So then we returned and sat like blobs at the picnic table, eating (gluten-free! ALDI–these are a GIFT to me) animal crackers until, one by one, we limped away to take showers. (In the dark? For some reason none of the lights worked in the campground showers? Unfortunate but true).
I was the first one done, so I sat in a camp-chair and thought about lighting a fire and starting dinner…and then the RAIN started again.
It was one of those tricks where it would POUR for, say, five minutes…and then stop pouring and only be raining for ten minutes, but then the wicked cycle restarts itself. Over and over and over. I started and put away and started dinner a few times. Eventually, lying in the tent with Julia, waiting out one of the POURING segments, I was like, “What do we do? Do we go home? Do we go out to eat?” because our tent wasn’t seeming all that water-proof at the moment and the food wasn’t getting cooked and the fire wasn’t staying lit because: POURING RAIN, you guys.
Julia was like, “Well, we’ve already started making the food. Let’s just finish.”
And finish we did. In our re-doned garbage bags, we cooked the food and sat and ate it, like troopers.
By now, with the rain delay, it was nearing 8:00 p.m. and sunset (sun? Ha. Hahahahaha), so I decided to go and brush my teeth at the campground bathroom. Julia followed close behind.
We entered the bathroom.
Now, the campground was also shared with people with those giant RV’s. Undoubtedly the RV-ers were sleeping better and faring better in this the land of never-ending rain clouds.
In the bathroom was a lady who had, apparently, just come from a semi-formal dinner at her in-laws. She was in a cool teal-and-cream dress with fashionable jewelry and fluffy hair.
And Julia and I stood looking at her. As we were wearing TRASH BAGS.
And right then and there we started that helpless form of laughter that really means, “Dear God, what has my life even become?”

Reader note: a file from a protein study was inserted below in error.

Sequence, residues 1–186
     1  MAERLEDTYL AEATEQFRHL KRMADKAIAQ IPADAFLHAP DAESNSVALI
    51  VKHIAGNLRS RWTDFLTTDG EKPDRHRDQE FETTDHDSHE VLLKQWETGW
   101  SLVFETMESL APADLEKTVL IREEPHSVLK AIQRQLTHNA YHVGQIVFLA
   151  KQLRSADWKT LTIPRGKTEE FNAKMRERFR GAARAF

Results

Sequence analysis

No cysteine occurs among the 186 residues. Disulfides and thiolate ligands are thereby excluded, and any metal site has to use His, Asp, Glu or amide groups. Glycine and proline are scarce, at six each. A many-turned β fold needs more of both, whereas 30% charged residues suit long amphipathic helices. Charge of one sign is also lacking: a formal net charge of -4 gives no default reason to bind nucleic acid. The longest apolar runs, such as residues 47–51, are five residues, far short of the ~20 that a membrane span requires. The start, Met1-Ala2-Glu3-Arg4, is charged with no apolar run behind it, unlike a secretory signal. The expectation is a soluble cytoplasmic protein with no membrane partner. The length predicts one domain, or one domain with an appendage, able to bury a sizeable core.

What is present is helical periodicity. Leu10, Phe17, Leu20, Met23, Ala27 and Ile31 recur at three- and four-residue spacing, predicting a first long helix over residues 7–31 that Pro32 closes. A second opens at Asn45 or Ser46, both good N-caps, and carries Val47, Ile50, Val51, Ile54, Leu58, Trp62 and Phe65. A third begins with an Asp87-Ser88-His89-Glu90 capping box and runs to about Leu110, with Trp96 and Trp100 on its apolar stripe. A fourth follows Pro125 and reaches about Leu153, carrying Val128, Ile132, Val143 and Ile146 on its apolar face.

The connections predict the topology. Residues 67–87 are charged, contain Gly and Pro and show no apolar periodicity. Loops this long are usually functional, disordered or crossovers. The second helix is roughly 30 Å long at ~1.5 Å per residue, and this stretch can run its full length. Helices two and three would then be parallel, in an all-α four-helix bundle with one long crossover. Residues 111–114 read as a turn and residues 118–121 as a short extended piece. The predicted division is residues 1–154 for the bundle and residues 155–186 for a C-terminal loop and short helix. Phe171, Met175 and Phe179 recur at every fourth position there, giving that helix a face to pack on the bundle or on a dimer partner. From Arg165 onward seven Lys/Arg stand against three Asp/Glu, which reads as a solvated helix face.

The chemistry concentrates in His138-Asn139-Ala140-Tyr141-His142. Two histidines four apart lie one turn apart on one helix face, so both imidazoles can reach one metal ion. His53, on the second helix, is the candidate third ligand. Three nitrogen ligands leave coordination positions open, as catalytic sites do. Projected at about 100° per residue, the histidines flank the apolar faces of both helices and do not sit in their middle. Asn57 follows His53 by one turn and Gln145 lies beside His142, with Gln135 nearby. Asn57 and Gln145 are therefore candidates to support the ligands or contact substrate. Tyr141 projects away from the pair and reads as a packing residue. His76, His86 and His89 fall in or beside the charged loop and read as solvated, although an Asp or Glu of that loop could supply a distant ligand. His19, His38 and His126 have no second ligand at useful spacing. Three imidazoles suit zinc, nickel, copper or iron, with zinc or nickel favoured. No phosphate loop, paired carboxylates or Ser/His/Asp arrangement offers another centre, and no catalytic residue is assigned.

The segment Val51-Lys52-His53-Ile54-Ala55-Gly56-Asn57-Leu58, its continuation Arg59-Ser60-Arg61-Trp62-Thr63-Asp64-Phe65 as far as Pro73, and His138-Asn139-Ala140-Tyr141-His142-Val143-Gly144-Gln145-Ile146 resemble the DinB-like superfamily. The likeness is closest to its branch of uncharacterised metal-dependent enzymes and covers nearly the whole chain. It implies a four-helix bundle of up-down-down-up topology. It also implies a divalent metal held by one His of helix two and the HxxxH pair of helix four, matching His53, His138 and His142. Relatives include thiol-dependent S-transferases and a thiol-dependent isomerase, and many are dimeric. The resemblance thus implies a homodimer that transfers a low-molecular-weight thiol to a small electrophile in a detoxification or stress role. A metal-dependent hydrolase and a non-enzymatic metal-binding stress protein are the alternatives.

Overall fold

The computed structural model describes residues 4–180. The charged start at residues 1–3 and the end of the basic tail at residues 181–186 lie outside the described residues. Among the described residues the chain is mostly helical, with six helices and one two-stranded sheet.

So then we went back to our tent, ripping the garbage bags wide-ways in another attempt to keep the floor of our tent dry. And then we each had an extra pair of dry socks we changed into, which was glorious.
And I mentioned, right before we all went to bed, “This will probably be the best night of sleep ever–we walked for fourteen miles today and now this gentle rain will lure us to sleep.” And, as if to agree, the rain picked up. Lucky us.
And sleep we did.
And we awoke the next morning to the sunniest of sunshine-y days. Good gravy. You were ONE DAY off, Mother Nature, ONE DAY.
We folded the tents in the morning sun, and decided to slowly make our way to the park’s beach , walking on our blistered feet.
At one point the girls went in to use the bathroom.
Julia came out like, “You’ll never guess what just happened.”
I said, “Did all of your dreams come true?”
“Well,” she said, “I think all of my dreams have been surpassed. A wasp had flown into my pants and stung me, twice, on the waist.”
This is probably the best camping trip of all time.
But then we walked to Lake Michigan, that beautiful, beautiful lake, and we picked at the rocks and walked into the water and I was like, “Dewd. I can never get enough of this beautiful state,” but, eventually, we did leave and make our way back to the cars and depart.
And Julia and I talked a little bit on the car ride home, but mostly just stared like zombies at the farmland until we came home and collapsed.
And, if you want even more of it, my cousin outlined her version over here.
Please, enjoy. 😉
That night I called that one long-distance boyfrand of mine, and related the entire weekend and he said, “Man, you’re pretty lucky you have ladies in your life who will go on these kind of adventures with you.”
And he was (he often is) right.
On one hand, they joined me in the WILDERNESS (just kidding, it was a State Park) for the weekend–camping and what not.
But, also, I’m lucky because they’re with me for the whole path of life: the tough parts, the laughing parts, the thought-provoking parts.
I’m just lucky, I guess.